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Ashley Judd, Pulp Queen

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Entries in Salaam Bombay (2)


Interview: The Real Saroo and Sue Brierley on Their Favorite Moments in 'Lion'

By Jose Solís.

David Wenham with the real Saroo and Sue Brierley whose story is told in "Lion"

If I didn’t already know Nicole Kidman is a genius, I would’ve been convinced after meeting Sue Brierley, the real life woman who inspired the character she plays in Lion. As I sat down to speak with Mrs. Brierley and her son Saroo (played by Dev Patel in the film), I was first struck by how Nicole perfectly captured her cadence, her soft voice and her piercing look, but then I was completely disarmed by her warmth. Watching her sit next to her son, and look at him with tenderness - she caressed his back, held his hand, and smiled constantly - perfectly encapsulates why the film is so successful. Their story simply needed to be told.

JOSE: Was it surreal to see your story on the big screen?

SAROO BRIERLEY: Yeah definitely, from writing a book, to seeing it turned into a movie, you want to be cautious when it’s a personal story. We’re humbled and touched by the reaction so far.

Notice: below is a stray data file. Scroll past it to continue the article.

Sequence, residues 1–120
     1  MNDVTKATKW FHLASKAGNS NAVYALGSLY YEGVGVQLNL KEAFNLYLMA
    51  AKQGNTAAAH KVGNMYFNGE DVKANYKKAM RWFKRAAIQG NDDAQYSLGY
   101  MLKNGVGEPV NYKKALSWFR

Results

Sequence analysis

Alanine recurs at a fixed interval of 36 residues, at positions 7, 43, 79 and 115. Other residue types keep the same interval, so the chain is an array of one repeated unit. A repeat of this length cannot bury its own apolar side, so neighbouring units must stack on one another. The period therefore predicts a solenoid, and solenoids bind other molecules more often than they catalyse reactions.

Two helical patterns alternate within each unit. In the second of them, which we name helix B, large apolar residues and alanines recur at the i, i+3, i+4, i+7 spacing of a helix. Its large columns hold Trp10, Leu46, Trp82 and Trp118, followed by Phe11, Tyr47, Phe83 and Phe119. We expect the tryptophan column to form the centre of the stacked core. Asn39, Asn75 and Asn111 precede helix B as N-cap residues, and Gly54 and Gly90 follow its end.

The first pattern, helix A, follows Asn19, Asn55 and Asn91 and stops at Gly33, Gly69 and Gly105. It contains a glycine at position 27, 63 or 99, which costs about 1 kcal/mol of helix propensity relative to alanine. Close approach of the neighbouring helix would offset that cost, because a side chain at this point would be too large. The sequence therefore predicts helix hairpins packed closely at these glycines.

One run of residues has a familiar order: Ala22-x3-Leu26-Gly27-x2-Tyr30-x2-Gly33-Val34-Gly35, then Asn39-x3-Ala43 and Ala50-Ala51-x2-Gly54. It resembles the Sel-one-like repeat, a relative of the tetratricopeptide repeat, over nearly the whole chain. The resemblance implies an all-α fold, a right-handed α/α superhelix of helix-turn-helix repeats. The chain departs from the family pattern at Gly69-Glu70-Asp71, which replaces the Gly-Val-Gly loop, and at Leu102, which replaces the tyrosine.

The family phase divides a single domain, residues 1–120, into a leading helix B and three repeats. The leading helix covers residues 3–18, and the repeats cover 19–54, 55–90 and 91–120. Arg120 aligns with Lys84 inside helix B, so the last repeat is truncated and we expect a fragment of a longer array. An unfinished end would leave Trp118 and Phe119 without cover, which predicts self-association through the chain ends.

Read the rest of the interview after the jump...

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Women's Pictures - Mira Nair's Salaam Bombay!

When beginning a month long retrospective of Mira Nair, there probably isn't a better intro than the opening of Salaam Bombay!: A brightly colored circus, a stonefaced child left behind, a train ride to the bright streets of Bombay. Nair's films are eye-catching spectacles that find the beautiful in the mundane. But her playfulness is sharply contrasted with the real issues her films address. Salaam Bombay! is an observation of the secret world of the often-overlooked children living on Bombay's streets that balances bright visuals with social realism in order to paint a complex picture of Indian homeless youth.

Mira Nair's first feature follows a closeknit group of kids living between the cracks of Bombay city. The stonefaced boy at the beginning is Krishna (Shafiq Syed), who goes for an errand for the circus owner and comes back to discover that his temporary home with the circus has left without him. Krishna makes his way to Bombay, which is as colorful as the circus, but also more dangerous. Krishna eventually gets a job selling tea, and falls in with a group of urchins. He befriends a drunk, a prostitute, and her daughter. He's illiterate but street smart and is trying to save the unimaginable sum of 500 rupees to bring back to his mother - though he's not sure where he is. But don't mistake Krishna's story for a Dickensian tale of woe. Salaam Bombay! is not melodrama. Nair approaches her subject with empathy and curiosity, and gets the children to open up to her as well.


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